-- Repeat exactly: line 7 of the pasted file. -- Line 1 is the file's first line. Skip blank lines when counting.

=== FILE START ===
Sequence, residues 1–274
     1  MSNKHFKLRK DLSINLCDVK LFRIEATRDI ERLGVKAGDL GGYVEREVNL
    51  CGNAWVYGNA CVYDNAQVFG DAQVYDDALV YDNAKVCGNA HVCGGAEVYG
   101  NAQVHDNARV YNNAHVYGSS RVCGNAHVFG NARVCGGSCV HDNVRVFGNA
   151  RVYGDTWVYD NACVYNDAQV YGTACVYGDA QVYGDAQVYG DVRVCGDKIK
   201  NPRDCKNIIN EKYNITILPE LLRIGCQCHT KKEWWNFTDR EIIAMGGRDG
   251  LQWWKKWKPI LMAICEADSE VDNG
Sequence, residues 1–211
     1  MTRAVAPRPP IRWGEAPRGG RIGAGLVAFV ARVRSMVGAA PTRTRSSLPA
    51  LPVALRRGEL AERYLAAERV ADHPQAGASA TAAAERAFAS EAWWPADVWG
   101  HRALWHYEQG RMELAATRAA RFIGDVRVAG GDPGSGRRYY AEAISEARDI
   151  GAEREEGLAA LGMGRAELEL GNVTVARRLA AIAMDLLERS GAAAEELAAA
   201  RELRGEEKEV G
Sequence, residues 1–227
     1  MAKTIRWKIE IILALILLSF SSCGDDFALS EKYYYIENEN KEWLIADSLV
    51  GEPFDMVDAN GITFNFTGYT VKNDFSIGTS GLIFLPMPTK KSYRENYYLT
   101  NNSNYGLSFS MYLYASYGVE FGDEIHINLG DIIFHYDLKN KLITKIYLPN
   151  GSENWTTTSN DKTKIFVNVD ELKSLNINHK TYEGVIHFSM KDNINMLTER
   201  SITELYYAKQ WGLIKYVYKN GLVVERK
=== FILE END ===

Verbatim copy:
   251  LQWWKKWKPI LMAICEADSE VDNG